Protestors called for the removal of a painting of revolutionary hero Emiliano Zapata naked but for a pink sombrero, high heels and a ribbon
By Christine Murray
MEXICO CITY, Dec 11 (Thomson Reuters Foundation) - Mexico's president on Wednesday condemned hate crimes against LGBT+ people after a row over a painting of revolutionary hero Emiliano Zapata naked but for a pink sombrero, high heels and a ribbon led to an apparent attack on LGBT+ activists.
Protestors stormed a national art gallery where the painting was on display on Tuesday to call for its removal, and videos posted on social media appeared to show physical attacks on members of LGBT+ rights groups.
Asked about the incident on Wednesday, President Andres Manuel Lopez Obrador urged respect and tolerance, though he did not rule out the painting being removed.
"There shouldn't be hate crimes, I condemn it with all my soul, we don't accept that," Lopez Obrador told a news conference.
"We have to be respectful, not just tolerant, be respectful of all expressions, of thought, of sexual diversity."
The work, entitled 'The Revolution', is part of a new exhibition at the Museum of the Palace of Fine Arts featuring portraits and visual representations of Zapata, who campaigned for land rights for the poor during the Mexican revolution.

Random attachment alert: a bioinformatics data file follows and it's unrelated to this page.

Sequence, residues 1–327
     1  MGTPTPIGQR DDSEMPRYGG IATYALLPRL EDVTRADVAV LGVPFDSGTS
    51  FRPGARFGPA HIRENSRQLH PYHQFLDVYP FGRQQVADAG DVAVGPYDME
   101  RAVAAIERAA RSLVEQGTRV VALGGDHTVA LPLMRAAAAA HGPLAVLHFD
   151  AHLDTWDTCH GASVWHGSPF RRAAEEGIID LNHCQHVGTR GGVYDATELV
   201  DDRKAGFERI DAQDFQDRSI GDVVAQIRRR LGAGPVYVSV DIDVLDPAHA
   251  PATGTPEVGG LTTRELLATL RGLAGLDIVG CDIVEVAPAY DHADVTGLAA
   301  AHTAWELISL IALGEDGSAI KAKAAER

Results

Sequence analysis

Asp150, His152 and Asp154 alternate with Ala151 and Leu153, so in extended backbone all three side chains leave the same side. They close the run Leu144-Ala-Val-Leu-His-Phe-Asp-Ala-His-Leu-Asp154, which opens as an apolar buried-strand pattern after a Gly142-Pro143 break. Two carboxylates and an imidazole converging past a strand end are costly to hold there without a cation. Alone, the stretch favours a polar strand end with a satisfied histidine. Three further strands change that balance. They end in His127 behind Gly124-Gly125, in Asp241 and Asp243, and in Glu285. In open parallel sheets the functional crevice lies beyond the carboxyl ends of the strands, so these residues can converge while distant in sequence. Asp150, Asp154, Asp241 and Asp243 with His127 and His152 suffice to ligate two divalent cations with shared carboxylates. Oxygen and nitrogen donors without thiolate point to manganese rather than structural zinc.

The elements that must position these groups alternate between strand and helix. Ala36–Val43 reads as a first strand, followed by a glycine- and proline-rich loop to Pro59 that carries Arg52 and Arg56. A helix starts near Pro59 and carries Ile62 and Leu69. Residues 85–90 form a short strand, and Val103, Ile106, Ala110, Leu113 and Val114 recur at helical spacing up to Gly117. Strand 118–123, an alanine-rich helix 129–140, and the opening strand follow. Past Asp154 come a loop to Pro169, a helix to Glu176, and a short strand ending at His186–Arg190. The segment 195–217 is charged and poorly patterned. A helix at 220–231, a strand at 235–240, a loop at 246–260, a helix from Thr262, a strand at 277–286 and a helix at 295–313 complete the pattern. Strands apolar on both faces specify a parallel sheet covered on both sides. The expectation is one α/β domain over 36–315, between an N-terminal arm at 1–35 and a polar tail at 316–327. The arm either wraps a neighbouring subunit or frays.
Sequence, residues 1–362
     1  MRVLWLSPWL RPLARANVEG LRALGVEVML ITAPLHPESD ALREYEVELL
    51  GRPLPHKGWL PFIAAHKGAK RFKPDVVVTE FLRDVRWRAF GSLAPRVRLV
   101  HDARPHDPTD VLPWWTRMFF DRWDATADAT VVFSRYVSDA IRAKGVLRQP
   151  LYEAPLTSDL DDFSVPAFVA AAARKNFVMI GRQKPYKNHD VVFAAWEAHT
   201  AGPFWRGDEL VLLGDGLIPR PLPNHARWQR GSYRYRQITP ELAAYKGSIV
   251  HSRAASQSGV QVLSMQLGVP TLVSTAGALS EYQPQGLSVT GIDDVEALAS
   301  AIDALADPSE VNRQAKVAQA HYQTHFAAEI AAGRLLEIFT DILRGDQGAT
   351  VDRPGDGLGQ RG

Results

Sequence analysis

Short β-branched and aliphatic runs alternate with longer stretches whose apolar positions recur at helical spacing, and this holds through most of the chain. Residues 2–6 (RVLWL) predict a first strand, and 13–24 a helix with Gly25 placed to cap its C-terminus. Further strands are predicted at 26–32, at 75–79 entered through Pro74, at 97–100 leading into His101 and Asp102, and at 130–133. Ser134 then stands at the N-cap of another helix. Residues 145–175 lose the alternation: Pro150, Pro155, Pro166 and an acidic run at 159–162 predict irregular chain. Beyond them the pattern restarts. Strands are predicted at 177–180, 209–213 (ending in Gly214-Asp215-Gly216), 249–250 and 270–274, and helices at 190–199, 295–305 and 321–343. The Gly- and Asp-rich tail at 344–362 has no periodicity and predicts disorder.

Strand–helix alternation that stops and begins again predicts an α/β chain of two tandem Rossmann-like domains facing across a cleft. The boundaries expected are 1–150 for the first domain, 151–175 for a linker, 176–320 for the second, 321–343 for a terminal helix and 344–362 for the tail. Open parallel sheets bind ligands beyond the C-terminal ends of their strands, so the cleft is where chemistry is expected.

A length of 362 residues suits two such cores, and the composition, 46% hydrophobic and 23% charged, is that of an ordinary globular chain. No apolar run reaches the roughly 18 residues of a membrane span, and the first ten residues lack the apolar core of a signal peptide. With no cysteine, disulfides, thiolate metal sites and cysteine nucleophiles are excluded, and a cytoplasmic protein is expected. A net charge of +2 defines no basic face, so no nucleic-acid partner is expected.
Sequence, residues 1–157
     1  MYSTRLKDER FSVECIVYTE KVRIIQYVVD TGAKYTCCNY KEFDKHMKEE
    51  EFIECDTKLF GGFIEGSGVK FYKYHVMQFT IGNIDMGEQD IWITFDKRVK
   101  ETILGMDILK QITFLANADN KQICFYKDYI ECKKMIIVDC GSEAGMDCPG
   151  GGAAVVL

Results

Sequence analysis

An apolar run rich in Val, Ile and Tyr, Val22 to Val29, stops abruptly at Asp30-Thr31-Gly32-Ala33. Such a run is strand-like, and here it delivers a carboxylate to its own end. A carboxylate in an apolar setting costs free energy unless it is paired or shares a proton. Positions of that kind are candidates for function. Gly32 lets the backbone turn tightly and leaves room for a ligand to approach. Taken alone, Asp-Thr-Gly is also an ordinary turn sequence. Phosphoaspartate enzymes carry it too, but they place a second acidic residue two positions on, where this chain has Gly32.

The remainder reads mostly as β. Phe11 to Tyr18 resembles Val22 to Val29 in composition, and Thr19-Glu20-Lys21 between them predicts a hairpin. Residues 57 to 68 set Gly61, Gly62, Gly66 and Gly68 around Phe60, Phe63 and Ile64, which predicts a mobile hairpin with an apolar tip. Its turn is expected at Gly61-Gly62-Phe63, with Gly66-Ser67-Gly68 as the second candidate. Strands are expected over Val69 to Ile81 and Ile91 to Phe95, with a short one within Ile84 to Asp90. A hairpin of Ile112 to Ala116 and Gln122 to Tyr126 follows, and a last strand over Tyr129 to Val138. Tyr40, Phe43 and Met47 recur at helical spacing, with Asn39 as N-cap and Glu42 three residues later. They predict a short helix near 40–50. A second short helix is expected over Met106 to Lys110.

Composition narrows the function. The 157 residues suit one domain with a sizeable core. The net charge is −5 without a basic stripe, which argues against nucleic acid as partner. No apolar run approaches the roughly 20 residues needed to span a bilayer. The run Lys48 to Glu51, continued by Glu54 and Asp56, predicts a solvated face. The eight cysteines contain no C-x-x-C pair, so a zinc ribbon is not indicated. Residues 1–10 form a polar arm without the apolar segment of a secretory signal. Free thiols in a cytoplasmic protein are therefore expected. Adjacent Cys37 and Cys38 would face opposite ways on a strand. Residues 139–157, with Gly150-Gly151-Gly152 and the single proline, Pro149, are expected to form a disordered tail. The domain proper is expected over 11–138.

Members of the Zapata family said the painting by Fabian Chairez denigrated the image of their ancestor, who is depicted riding a horse naked in a seductive pose.
Lopez Obrador has not made many public comments on LGBT+ issues. LGBT+ activists were wary of him after he teamed up with a far-right religious party during his election campaign.
The Culture Ministry said late on Tuesday that it regretted that two young people were attacked by people expressing homophobic and intolerant insults.
Some people felt the artwork presented an "opportunity to reflect on the diversity and the relationship between femininity and masculinity that the author proposes, considering Zapata's libertarian spirit", it said.
The president said the picture did not make him uncomfortable and there could not be censorship, but did not rule out its removal, saying he had ordered the Culture Ministry to meet with the Zapata family to come to an agreement.
The exhibition runs until Feb. 16. (Reporting by Christine Murray, Editing by Claire Cozens. Please credit the Thomson Reuters Foundation, the charitable arm of Thomson Reuters, that covers humanitarian news, women's and LGBT+ rights, human trafficking, property rights, and climate change. Visit http://news.trust.org)
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